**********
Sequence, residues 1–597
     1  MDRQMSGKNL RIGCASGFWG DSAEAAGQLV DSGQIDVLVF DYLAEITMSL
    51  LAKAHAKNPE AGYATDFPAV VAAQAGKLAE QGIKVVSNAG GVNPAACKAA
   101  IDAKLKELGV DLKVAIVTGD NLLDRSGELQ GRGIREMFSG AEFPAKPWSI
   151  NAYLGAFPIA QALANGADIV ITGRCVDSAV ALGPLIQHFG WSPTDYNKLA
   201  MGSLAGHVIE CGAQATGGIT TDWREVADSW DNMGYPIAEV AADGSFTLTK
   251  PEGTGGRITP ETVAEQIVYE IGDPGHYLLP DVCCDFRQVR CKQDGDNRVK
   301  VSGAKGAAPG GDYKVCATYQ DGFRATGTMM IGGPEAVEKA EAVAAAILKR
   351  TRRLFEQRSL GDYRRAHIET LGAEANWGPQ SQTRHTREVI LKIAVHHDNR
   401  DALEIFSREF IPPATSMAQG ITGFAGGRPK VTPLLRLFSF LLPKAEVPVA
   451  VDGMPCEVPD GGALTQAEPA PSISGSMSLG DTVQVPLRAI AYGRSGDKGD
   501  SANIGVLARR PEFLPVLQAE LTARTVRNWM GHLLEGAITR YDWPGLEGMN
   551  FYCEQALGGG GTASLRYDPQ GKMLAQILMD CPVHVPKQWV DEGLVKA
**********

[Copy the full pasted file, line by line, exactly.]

Sequence, residues 1–597
     1  MDRQMSGKNL RIGCASGFWG DSAEAAGQLV DSGQIDVLVF DYLAEITMSL
    51  LAKAHAKNPE AGYATDFPAV VAAQAGKLAE QGIKVVSNAG GVNPAACKAA
   101  IDAKLKELGV DLKVAIVTGD NLLDRSGELQ GRGIREMFSG AEFPAKPWSI
   151  NAYLGAFPIA QALANGADIV ITGRCVDSAV ALGPLIQHFG WSPTDYNKLA
   201  MGSLAGHVIE CGAQATGGIT TDWREVADSW DNMGYPIAEV AADGSFTLTK
   251  PEGTGGRITP ETVAEQIVYE IGDPGHYLLP DVCCDFRQVR CKQDGDNRVK
   301  VSGAKGAAPG GDYKVCATYQ DGFRATGTMM IGGPEAVEKA EAVAAAILKR
   351  TRRLFEQRSL GDYRRAHIET LGAEANWGPQ SQTRHTREVI LKIAVHHDNR
   401  DALEIFSREF IPPATSMAQG ITGFAGGRPK VTPLLRLFSF LLPKAEVPVA
   451  VDGMPCEVPD GGALTQAEPA PSISGSMSLG DTVQVPLRAI AYGRSGDKGD
   501  SANIGVLARR PEFLPVLQAE LTARTVRNWM GHLLEGAITR YDWPGLEGMN
   551  FYCEQALGGG GTASLRYDPQ GKMLAQILMD CPVHVPKQWV DEGLVKA